Making an MMA fighter is even more complicated than the latest fusion recipe using molecular science. There are some things that must be taught: grappling skills, striking skills, footwork, how to use one’s body as a weapon without using it up, and how to control one’s emotions and doubts. And there are some things that a fighter must learn or inherently have: confidence, determination, desire and a true love for the sport.
Resurrection Fighting Alliance observed the right ingredients in Kyra Batara. The promotion decided to make a long-term investment in Batara, making her the first atomweight to sign a multi-fight deal with the organization. The RFA is known as one of the best feeder leagues for the UFC and is considered by many to be one of the best promotions outside of Zuffa.
At only 20 years of age, Batara has already made a name and reputation for herself with the help of some of the best coaches in the industry. She has trained with Eddie Bravo for 10 years—over half of her life—and since moving to Las Vegas has trained with the likes of Ricardo and Romulo Cavalcanti, as well as boxing coach Gil Martinez, Master Toddy and his son, Kru Dayel Sitiwatjana.
Time and time again, young people are told to invest in themselves. Batara, with the support of her family, has done just that. She wrestled in high school, and even though she experienced bullying because of her decision to participate in a “boy’s sport,” she didn’t let it get her down.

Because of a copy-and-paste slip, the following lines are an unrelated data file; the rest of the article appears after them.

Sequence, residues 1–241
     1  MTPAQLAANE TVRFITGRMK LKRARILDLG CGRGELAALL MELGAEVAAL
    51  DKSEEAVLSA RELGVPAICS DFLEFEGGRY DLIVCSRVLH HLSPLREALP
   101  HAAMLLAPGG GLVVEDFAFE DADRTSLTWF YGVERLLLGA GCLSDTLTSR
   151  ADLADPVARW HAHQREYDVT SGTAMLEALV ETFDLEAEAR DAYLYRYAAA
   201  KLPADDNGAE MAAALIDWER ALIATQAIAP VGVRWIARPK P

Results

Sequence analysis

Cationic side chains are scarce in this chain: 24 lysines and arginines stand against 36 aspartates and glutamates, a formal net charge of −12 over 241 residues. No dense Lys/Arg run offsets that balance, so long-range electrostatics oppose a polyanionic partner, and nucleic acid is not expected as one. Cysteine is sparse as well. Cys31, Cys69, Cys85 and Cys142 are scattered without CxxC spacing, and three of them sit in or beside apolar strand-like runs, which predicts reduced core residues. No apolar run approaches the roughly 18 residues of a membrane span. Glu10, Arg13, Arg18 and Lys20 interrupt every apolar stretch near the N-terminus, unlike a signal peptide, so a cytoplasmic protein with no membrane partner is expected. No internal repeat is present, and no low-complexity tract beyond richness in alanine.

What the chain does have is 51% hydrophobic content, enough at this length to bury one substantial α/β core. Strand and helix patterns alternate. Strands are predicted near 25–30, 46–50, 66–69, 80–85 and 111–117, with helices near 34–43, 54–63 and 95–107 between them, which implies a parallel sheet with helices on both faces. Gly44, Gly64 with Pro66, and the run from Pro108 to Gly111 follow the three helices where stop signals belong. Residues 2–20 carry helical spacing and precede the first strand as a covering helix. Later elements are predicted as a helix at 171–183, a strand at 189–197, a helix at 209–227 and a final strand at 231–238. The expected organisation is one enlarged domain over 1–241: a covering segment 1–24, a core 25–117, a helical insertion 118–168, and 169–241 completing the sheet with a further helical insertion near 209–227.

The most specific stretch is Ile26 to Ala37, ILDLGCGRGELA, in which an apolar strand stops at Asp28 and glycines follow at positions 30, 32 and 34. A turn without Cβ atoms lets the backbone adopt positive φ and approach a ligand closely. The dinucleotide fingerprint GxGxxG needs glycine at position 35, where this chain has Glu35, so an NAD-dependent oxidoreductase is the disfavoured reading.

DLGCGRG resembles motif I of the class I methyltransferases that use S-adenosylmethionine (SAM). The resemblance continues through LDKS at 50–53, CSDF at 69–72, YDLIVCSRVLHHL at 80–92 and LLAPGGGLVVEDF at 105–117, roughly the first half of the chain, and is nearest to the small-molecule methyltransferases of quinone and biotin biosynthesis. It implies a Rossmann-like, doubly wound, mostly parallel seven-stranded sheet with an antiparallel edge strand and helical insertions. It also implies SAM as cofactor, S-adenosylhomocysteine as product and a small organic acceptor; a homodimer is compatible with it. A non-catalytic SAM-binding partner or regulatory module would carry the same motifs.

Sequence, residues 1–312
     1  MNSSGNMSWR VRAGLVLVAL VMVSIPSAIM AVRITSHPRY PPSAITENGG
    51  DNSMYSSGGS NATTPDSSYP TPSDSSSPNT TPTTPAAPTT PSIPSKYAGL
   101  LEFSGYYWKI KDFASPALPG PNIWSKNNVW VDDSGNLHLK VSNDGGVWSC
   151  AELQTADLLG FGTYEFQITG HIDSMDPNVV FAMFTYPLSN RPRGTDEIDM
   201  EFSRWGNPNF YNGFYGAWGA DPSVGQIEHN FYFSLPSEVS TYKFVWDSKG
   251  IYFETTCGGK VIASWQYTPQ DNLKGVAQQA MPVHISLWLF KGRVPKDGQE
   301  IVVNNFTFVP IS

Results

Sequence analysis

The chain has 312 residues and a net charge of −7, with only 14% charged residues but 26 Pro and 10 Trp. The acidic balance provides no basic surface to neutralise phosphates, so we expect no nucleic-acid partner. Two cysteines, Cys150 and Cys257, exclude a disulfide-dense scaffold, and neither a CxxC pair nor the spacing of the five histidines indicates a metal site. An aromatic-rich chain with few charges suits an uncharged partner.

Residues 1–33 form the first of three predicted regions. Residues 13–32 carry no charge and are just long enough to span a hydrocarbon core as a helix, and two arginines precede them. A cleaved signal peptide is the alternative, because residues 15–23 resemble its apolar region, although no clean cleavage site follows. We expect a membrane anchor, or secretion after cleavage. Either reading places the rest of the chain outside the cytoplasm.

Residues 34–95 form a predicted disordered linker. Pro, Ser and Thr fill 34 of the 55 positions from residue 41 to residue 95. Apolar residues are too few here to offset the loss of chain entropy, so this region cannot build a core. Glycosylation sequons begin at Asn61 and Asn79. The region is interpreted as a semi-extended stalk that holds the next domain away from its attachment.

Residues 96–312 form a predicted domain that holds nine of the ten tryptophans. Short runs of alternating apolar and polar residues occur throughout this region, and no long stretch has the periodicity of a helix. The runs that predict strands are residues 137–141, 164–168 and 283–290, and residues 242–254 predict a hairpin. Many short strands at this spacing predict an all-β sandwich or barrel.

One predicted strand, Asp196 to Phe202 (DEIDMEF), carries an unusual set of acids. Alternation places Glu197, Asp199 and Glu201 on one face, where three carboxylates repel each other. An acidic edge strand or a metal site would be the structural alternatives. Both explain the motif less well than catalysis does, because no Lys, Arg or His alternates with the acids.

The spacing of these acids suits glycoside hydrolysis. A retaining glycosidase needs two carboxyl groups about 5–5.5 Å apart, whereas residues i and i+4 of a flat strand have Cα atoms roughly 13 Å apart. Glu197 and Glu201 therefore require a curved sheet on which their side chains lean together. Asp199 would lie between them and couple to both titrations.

“I was an eighth-grade cheerleader, complete with the curly hair, sparkling eye shadow and short skirts. I was trying so hard to be someone else,” Batara recollected in an interview with Combat Press. “Once I stopped trying to fit in—once I ditched the skirts for the board shorts and put my hair in a bun—I found myself. I am never happier than when I am on the mat.
“Lots of people might have gotten discouraged and quit, but I was lucky. I had a strong support system in my family.”
Batara’s support system was so strong that her family pulled her out of high school and home-schooled her. Then, after her time spent training in Los Angeles, her family moved to Las Vegas to further her MMA education.
“I believe we are put on Earth for a reason, and I am meant to be a fighter,” Batara explained. “When I step into the cage, I am so content and confident.
“There is no better feeling in the world than getting my hands wrapped and taking those steps into the cage.”
Batara impressed many in her amateur fights, posting a record of 5-1 while oftentimes fighting much larger fighters. She made her pro debut with a grand entrance: an armbar in the first few minutes of the first round.
When she dropped down to atomweight for the first time, she had a rough time making weight. She looked good in the first round but gassed in the second and ended up losing to Rosa Acevedo by decision.
So what does a fighter do? In Batara’s case, she gets sponsored by Nubreed Nutrition.